And the fact that police violence has never happened to me in this town does notmean it doesn’t matter or that it doesn’t happen elsewhere. Black lives matter, and I believe it’s our shared moral responsibility to say that aloud and to celebrate the BIPOC people around us as we hold accountable the systems and individuals who harm them.
And the fact that there are many ways in which systemic racism is inflicted on BIPOC, and that not all people experience violence at the hands of the police, does not mean we should avoid seeking alternatives to policing as it is currently practiced, both in how police conduct themselves and in what circumstances we decide are problems for police to solve. Things need to change in many parts of society, and in many of our hearts and minds, but we have to start somewhere and police violence is one place we can make a difference now.
The Compton’s Cafeteria riots resulted in some remarkable changes. Trans women in the Tenderloin started being able to shop in women’s stores without being harassed by the police as often. Arrests for the “crime” of “cross-dressing” went down (though the law stayed on the books and arrests continued to happen for years). The city in general and the police in specific had no choice but to begin listening to the queer and trans people they had been beating, arresting, assaulting, and squeezing for extortion money. A police officer specially appointed to liaise with communities we now call LGBTQ+ worked to change attitudes in his department. Things were not fixed immediately – and still are not fixed for many people, especially queer and trans people of color – but it became possible for those people to carve out a little territory in which they could feel a little less unsafe. And they only got that by pushing back.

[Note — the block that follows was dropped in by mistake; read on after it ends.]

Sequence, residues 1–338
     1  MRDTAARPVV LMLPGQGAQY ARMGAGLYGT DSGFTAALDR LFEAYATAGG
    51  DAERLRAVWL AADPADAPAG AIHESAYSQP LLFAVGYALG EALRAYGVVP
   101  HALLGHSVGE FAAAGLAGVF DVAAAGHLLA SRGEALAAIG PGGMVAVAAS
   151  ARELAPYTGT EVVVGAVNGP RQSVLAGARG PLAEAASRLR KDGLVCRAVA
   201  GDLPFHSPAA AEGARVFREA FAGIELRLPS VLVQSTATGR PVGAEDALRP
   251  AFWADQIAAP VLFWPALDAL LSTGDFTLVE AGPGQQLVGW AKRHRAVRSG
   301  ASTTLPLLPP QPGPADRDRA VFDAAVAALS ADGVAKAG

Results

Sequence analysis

That isn’t some outlier, either. The Silent Sentinels are simply the most famous of over 2,000 women who were beaten, jailed, denied counsel, tortured, and vilified in national media for the “unpatriotic” action of protesting to demand women’s suffrage during a complex of national and international crises. Look back across all the “great moments” of the American Revolution – the Boston Tea Party, the Boston Massacre, the Stamp Act protests – and you find riots in response to violence by militarized police. Those riots put the powers that be on notice, galvanized opposition to oppression, prompted introspection, and started necessary conversations. They were a service to those of us who came later and benefitted from those effects.
If reading this makes you shake your head because you came here for escapism, I can understand that. The world is chock full of reasons to look away, and I sincerely believe one of the reasons to value art and stories is because they give us the chance to turn our minds elsewhere and catch our breath.
I also believe art and stories call on us to reflect on the realities that shape the fiction we spin. I write to entertain you, yes, but I also see my writing as a kind of conversation with you. Last weekend I was on a panel through Con-Tinual about art and politics, and when writers should or should not be political, and my position is – and remains – that not only should we be political, we always already are.
When we tell a story, we go out of our way to describe some aspect of the world and the people whose actions change it: the fall of a Galactic Empire, the rise of an unlikely hero, the struggle of some humble protagonist to make ends meet, the trials faced by a person unjustly accused. We describe the world the way we experience it, or the way we think it works, or the way we think it should work, or the way we fear it works instead. It doesn’t get more political than that.